Although Daniel Craig, Pierce Brosnan and Sean Connery don’t have roles in Showtime’s new scare-series Penny Dreadful (however rad that would be!), there’s quite a band of Bond vets that take precedent here…
Former 007 himself, Timothy Dalton (The Living Daylights, License to Kill), plays the progressively anguished Sir Malcom Murray, only to be outdone by former Bondgirl-turned-unstably stable spiritualist, Eva Green. One part recruiter, other part explorer, Dalton chews up much of the London scenery; erstwhile the fact Green’s Vanessa Ives chooses to walk through demons instead of shoot through, only proves her more fruitful insanity. To top it off, Penny D is written (John Logan) and executive produced (Sam Mendes) by the brains behind Bond’s last successful conquest: Skyfall. Logan snikts up a haunting script that channels as much of his Last Samurai as it does with The League of Extraordinary Gentlemen.
If only Connery could now trade.
While the story of Episode I: “Night Work” will surely remind you of Alan Moore’s fine graphic novel, Dreadful more so sinks its teeth into the heart of these discovered undead. Of course, there’s your usual smorgasbord of Showtime sex and gore to be had, in addition to an apparently tighter focus on the occult. To further separate itself from The League, Penny opts for Fantasy baseball… (Oh, that other League?!??) Excuse me, Penny plants plenty o’ crepuscular imagery that hints more towards the know-how and science over Moore’s vast exploration and banter. And that’s where Ethan Chandler comes in.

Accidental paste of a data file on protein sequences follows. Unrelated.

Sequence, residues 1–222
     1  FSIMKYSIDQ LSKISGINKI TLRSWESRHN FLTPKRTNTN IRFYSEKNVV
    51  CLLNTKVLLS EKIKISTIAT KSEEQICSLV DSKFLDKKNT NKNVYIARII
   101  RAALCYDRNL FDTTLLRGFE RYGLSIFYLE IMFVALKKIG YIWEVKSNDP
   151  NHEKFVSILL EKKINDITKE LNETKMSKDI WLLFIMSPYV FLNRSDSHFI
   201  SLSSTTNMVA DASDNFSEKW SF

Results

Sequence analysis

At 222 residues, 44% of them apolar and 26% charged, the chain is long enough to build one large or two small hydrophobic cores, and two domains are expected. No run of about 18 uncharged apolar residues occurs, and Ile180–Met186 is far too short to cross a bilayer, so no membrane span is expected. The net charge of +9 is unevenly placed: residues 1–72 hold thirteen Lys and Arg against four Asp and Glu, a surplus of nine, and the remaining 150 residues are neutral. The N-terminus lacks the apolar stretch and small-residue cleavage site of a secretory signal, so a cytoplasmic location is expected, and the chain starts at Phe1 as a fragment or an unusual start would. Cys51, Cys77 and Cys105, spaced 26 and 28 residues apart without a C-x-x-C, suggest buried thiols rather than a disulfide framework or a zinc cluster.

Chandler, played by a seemingly revitalized Josh Hartnett (30 Days of Night) doing his best cool, calm and collectively cool and calm Brad Pitt, is the guy who’s the guy because he’s the guy. That makes him, at least thus far, the least interesting of the triumvirate, but nonetheless plays to the eyes of the audience — and some would say easy on the eyes. He’s a real American gunslinger posing as a promising showbiz cat caught up in all this Victorian garbage, so he’s somewhat relatable with a performance from Josh just as palpable. Of course geeks are going to watch Penny Dreadful for classic horror monsters (none of which I want to spoil, if you missed Sunday night’s premiere), but Chandler could very well end up a fan favorite when all’s said and done.
While Murray’s goal is to bring his daughter back to safety, the end goal for Logan and Mendes series is this: How do we bring back classic 19th century folklore and make it look so-so 21st century contemporary? We’ve had our share of Vikings, Coven witches, True vampires, and Throne-seeking kings who accomplished that goal, so why not witness the same for these so-called Legion of Monsters? Well– besides the obvious expensive budget (gorgeous is not enough to describe Penny‘s set design and cinematography) — keeping the audience invested in cool varied characters, inching every shadowy mystery with sexy subtlety and chilling imagery, and simply taking its damn time to expose Logan’s pop culture laundry list is what will flip this Penny towards a higher fortune, over something otherwise less or or more PDful.
And, hey, who knows. If not, then “I must be dreaming.”
Penny Dreadful will air every Sunday night at 10pm ET/PT on Showtime.